"Besides," Dineen said, laughing, "it's my story."
Dineen's 1,188-game story ended Sunday on his terms. With 1:46 left in Columbus' 3-2 victory over Buffalo, Dineen, 39, smiled all the way to the penalty box, blood flowing from a cut around his eye that would need three stitches to close.
"My dad told me a long time ago that at the end of the night you always need to get on the score sheet someway to make your presence known," Dineen said.
Assisted by Geoff Sanderson and Andrew Cassels, Dineen had scored the final goal in Whalers history that emotionally charged farewell afternoon in 1997. The sellout crowd at the Civic Center stood and cheered his presence for three minutes. As fate would have it, Dineen found himself skating with the same linemates 51/2 years later in his own farewell game.
Dineen badly wanted a goal and, angered by a missed scoring chance, he tried to break a stick over his knee. Subtlety was never Dineen's game. He loves Ron Francis, but he is not Ron Francis. Dineen is action, reaction and exploding synapses. And when he blew around Larry Robinson and beat Patrick Roy in overtime of Game 4 in the 1986 playoffs against Montreal, Dineen was the fireball who made folks in Hartford believe anything was possible.
Although he didn't score Sunday, he had a sliver of time to do what his dad, Billy, urged him to do a long time ago. All game, Dineen had goaded Chris Gratton, five inches taller, 35 pounds heavier. And with the Blue Jackets clinging to a one-goal lead, Gratton, who, coincidentally, had assisted on Tampa Bay's last goal in the Whalers' finale, lost it. He crunched Dineen into the boards. They traded blows. Dineen left bloody and satisfied he had taken the Sabres' leading scorer with him.
"People have said to me that I had that passion, that intensity, character on the ice," Dineen said. "To be able to do that, keep it up and literally finish that way is satisfying. But it's also no secret I had to play that way to make it."
The evidence is in the NHL record book. Dineen is one of only six players in NHL history to amass more than 350 goals and 2,000 penalty minutes. The numbers are fairly impressive. That Dineen finished among the top 60 all-time in games played, however, is astonishing.
He is 5 feet 11, 190 pounds. He played 6-3, 220. He never played it careful. Playing at such a frenetic pace and suffering from Crohn's disease (chronic inflammation of the digestive tract), it was predicted here many years ago that he'd be fortunate to last six seasons.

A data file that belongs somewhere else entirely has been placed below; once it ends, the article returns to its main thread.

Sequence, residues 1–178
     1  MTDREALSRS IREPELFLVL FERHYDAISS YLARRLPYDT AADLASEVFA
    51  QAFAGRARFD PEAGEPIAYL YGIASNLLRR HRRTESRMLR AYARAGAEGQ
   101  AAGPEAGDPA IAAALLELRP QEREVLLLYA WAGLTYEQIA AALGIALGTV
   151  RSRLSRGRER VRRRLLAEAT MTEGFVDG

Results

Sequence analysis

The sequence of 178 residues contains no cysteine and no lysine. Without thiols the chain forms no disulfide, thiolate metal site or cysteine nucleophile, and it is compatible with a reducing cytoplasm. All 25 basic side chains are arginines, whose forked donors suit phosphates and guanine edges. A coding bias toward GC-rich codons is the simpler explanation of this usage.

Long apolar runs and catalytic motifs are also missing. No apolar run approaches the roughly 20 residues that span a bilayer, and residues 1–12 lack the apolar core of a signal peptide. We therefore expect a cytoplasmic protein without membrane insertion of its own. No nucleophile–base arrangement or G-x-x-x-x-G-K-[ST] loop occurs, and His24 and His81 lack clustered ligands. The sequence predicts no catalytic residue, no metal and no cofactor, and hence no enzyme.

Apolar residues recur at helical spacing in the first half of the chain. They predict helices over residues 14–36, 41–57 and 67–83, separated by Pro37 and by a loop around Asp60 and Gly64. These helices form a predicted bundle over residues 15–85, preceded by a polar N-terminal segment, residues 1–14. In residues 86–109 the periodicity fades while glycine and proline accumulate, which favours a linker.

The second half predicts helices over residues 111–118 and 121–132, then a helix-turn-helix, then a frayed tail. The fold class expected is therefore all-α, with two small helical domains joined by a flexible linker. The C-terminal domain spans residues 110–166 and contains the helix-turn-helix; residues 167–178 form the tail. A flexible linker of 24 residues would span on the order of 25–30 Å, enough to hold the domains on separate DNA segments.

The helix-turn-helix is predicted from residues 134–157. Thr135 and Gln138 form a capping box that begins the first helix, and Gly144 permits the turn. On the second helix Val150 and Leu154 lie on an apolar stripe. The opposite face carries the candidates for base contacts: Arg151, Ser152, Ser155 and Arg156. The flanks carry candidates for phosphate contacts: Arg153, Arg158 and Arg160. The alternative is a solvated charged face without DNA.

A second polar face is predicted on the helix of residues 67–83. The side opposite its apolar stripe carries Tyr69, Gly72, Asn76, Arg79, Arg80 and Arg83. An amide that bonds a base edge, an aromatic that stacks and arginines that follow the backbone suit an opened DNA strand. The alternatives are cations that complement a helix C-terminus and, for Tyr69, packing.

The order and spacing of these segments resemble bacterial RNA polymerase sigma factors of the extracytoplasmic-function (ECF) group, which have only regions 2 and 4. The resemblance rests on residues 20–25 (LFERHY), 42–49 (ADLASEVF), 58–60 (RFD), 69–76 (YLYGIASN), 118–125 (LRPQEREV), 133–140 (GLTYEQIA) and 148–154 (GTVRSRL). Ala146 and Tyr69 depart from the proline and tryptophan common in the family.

"Don't feel bad," Dineen said. "Gordie Howe said the same thing."
Dineen's wife, Annie, said her man choked up only once at the press conference.
"That was when he mentioned Ronnie's name," Annie said.
Annie's a Hartford girl, a nurse who helped Dineen in his battle with Crohn's. She knows better than anyone that you cannot introduce Dineen's name without introducing Ron Francis. When he made his decision to retire Saturday, he called Francis and Jeff O'Neill in Carolina. Ronnie wrote Dineen a touching letter. He even tried at the last minute to get to the game.
"It's hard for me today to define a highlight or a moment in my career," Dineen said. "Just Ronnie himself is at the top of the list."
From helping Sanderson in Hartford to Eric Lindros in Philly to O'Neill in Carolina and onto Columbus, Dineen grew into one of the best locker room influences in sport. To this day, O'Neill keeps an autographed picture of Dineen.
Hockey is the Dineens' moveable feast. As a player, scout and coach, Billy moved 22 times and Kevin never stopped moving. When Kevin was young, Billy was scraping to support a family. Kevin's Christmas presents would be used skates from his brother Gord. When he got new hockey gloves when he was 12, Kevin believed it was the greatest Christmas ever. The Dineens grew up tough and they grew up caring.
"For me today," Annie said "it was an honor to hear Dave King [the Blue Jackets' coach, who also coached Dineen in the 1984 Olympics] talk about how Kevin was the first one to help the younger guys. Even the ones who would eventually take his job."
The Blue Jackets had left open the door for his return this year and Dineen said there was considerable satisfaction in earning a job at training camp. Yet it soon became clear he would be a spare player and Dineen accepted a job from the Blue Jackets in player development.
"After all this time using my body," Dineen said, "it's a little scary to have to use my brain. But retiring is also giving me a chance to reflect. I've even sent somebody on a mission to find a tape of that fight [when he knocked Mike Milbury cold]."
Dineen broke into a laugh. This would not be a sad day for him and Annie. They knew a guy who wasn't supposed to last long damn near lasted forever. He filled the score sheet.
- Jeff Jacobs
Nov 6, 2002